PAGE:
It was the stuff of high drama. Episcopal bishop Andrew Smith of the Diocese of Connecticut had given six evangelical priests until Friday, April 15, to toe the line or be barred from any further ministry and face possible defrocking.
The six parishes were redirecting their giving away from the diocese to protest the action of the Episcopal Church (ECUSA) in consecrating an openly gay bishop in 2003. And the six priests were seeking alternative spiritual oversight from a bishop other than Mr. Smith, who had voted with the majority of ECUSA bishops to consecrate the practicing homosexual, Gene Robinson of New Hampshire. (Such oversight is now possible under new church rules, as long as the diocesan bishop remains in control of the process.)
But negotiations broke down, and the bishop and his standing committee in a closed meeting in March with no advance notice decided to charge the six with having "abandoned the communion," a church law usually applied to those who leave ECUSA to join another denomination. Despite protests and denials by the six, Mr. Smith and the committee declined to explain their action. Curiously, the church officials made reinstatement of the parishes' giving a precondition for any reconsideration.
As the deadline approached, major news outlets picked up the story, conservative ECUSA bishops spoke out, and complaints from across the nation poured into diocesan headquarters in Hartford. Church members launched open-air prayer vigils. To lend visibility and support, some prominent evangelical ECUSA clergy elsewhere in the country traveled to Connecticut to preach at the six pulpits on the Sunday when they were due to be vacant.
But Friday came and went without Mr. Smith's dreaded announcement. Instead, he invited the six to a meeting on Monday to discuss things in the presence of "neutral" bishop Gordon Scruton from neighboring Massachusetts, who had abstained from voting on the Robinson consecration. After three hours, the participants remained divided. Mr. Smith wanted to retain hands-on involvement with the parishes; the six wanted the alternative-oversight bishop to assume that role.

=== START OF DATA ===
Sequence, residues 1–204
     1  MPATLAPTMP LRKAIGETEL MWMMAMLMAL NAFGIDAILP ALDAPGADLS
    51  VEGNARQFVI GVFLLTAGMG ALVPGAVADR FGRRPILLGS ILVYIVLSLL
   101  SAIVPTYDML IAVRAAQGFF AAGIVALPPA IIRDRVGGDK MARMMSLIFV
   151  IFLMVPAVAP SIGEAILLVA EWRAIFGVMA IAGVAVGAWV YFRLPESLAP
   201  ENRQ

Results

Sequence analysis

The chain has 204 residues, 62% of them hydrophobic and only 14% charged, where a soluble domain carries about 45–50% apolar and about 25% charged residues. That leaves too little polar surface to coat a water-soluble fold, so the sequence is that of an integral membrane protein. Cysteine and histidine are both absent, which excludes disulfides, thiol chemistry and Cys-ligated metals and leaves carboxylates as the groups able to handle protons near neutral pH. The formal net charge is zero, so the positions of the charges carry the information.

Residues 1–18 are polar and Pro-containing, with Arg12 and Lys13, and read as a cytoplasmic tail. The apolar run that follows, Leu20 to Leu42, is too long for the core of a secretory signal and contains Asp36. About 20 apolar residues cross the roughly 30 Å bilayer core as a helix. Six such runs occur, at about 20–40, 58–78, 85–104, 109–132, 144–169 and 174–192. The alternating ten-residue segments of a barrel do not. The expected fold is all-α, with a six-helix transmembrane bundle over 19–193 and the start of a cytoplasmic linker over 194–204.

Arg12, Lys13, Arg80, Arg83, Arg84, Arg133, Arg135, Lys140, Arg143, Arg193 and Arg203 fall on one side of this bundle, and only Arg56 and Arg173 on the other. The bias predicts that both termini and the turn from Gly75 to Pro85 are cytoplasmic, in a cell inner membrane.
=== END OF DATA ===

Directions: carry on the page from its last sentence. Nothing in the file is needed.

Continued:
"What they expect, I cannot grant," the bishop told reporters.
The bishop next sent an urgent e-mail message summoning all the clergy in the diocese to a closed meeting that Thursday in Hartford to discuss the matter. Afterward, the majority of the 184 who attended indicated they supported the bishop but not his proposed punishment so quickly. Many encouraged the six to seek a compromise solution. Bishop Smith agreed to back off for the moment, but he warned that "by leaving the meeting tonight without acknowledging my authority as their bishop, they have placed themselves under the threat of [removal from ministry]." He didn't say when the ax would fall.
"The elephant in the room remains-the difference between those who are guided by Scripture and those who want to rewrite it," retired priest Clark Coughlin said.
Apparently there is no going back.
"If we could miraculously turn the clock back, we would need to return to July 2003 before the ECUSA abandoned Scripture and the faith and order of Anglicanism," said Christopher Leighton, rector of St. Paul's, an internationally known charismatic parish in Darien. "Unless ECUSA repents and returns to the apostolic faith, we cannot go back."
Meanwhile, the pot keeps boiling in other parts of ECUSA. For example, Presiding Bishop Frank Griswold is feuding with 21 conservative bishops, including the heads of about one-fifth of all ECUSA dioceses. They had sent a letter to London requesting an emergency meeting with Archbishop of Canterbury Rowan Williams late this month to "lay before you our concerns regarding the future of our church" in light of "irreconcilable differences" within ECUSA. But they neglected to inform Mr. Griswold about the letter, believing it would remain confidential. Mr. Griswold said they had been "extremely discourteous" in not giving him an opportunity to reply. He demanded an accounting from each bishop individually. Archbishop Williams declined to comment.